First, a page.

Diisocyanates are among chemicals known to cause asthma in the workplace, however the incidence of diisocyanate-related asthma has been decreasing. Despite the fact that diisocyanates do not rank as the leading cause, nor in the top 10 leading causes, of occupational asthma, some articles continue to reference old data. Recent data show a consistent picture of a decline in asthma rates associated with diisocyanates over the last decade even as production rates of diisocyanates have increased. The reduction in diisocyanate-related occupational asthma is primarily due to a variety of industry product stewardship activities, including education and training, enhanced worker awareness, improved work practices, use of less volatile diisocyanate forms (e.g. pre-polymers), improved engineering controls (e.g., containment and/or ventilation) better medical surveillance programs, minimization of peak exposures, and continuing emphasis on compliance with existing exposure standards. These product stewardship efforts are key to further reductions in cases.
According to the NIOSH Work-Related Lung Disease Surveillance System (eWoRLD), in the four U.S. states surveyed (California, Massachusetts, Michigan, and New York) the most recent work-related asthma statistics from 2009-2014 indicate that diisocyanates are not in the top ten categories nor the top 20 exposure agents (less than 1.0% of work-related asthma cases).
Other national data collection programs on worker exposure and disease incidence reinforce these findings, showing a reduction of diisocyanate-related occupational asthma cases over the last decade in Finland, Ontario, Belgium, France, and the United Kingdom, even as production and use of diisocyanates increase around the world.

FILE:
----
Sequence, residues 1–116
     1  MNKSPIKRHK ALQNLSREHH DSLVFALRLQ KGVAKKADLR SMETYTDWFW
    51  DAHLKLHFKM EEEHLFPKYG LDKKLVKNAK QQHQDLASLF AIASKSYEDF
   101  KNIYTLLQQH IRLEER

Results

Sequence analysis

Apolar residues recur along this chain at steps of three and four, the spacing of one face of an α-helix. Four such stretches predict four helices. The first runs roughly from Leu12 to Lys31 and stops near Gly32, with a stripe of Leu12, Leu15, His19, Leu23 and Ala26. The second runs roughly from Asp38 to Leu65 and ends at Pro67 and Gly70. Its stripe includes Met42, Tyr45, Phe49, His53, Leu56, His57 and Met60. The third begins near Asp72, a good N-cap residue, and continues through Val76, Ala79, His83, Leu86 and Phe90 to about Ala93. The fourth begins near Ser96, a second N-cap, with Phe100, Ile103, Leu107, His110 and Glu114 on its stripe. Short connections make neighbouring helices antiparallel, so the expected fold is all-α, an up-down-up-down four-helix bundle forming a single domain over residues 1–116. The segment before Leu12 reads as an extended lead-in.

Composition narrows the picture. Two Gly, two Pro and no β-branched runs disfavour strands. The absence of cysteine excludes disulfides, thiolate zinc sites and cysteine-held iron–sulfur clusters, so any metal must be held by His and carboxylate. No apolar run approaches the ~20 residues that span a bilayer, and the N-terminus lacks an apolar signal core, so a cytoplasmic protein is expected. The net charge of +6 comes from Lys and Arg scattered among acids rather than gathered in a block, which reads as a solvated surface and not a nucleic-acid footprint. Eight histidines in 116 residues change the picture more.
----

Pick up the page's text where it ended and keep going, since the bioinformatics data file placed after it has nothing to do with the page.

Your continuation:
Take a look and download the following product stewardship resources related to occupational asthma and diisocyanates:
- Infographic: Decrease in Diisocyanate-Related Occupational Asthma
This document illustrates how product stewardship activities have contributed to a reduction in diisocyanate-related asthma cases, even as production rates of diisocyanates have increased.
- Medical Screening and Surveillance For Workers Potentially Exposed to Diisocyanates: A Guide for Workers
This guidance document was developed under an OSHA alliance as a resource for workers and specifically addresses potential adverse health effects due to diisocyanate exposure and the role of medical screening and surveillance in preventing these effects. (2019).
- Medical Screening and Surveillance For Workers Potentially Exposed to Diisocyanates: A Guide for the Employer
This guidance document was developed under an OSHA alliance as a resource for the employer and specifically addresses potential adverse health effects due to diisocyanate exposure and the role of medical screening and surveillance in preventing these effects. (2019).
- A Guide for the Primary Care Physician in Evaluating Diisocyanate Exposed Workers for Occupational Asthma
This document provides clinical guidance for the physician asked to evaluate an individual who may potentially be exposed to diisocyanates at work. » Full Report | » Full Report (Spanish) | » Full Report (Japanese) | » Full Report (Chinese) | » Infographic | » Infographic (Spanish) | » Infographic (Japanese) | » Infographic (Chinese)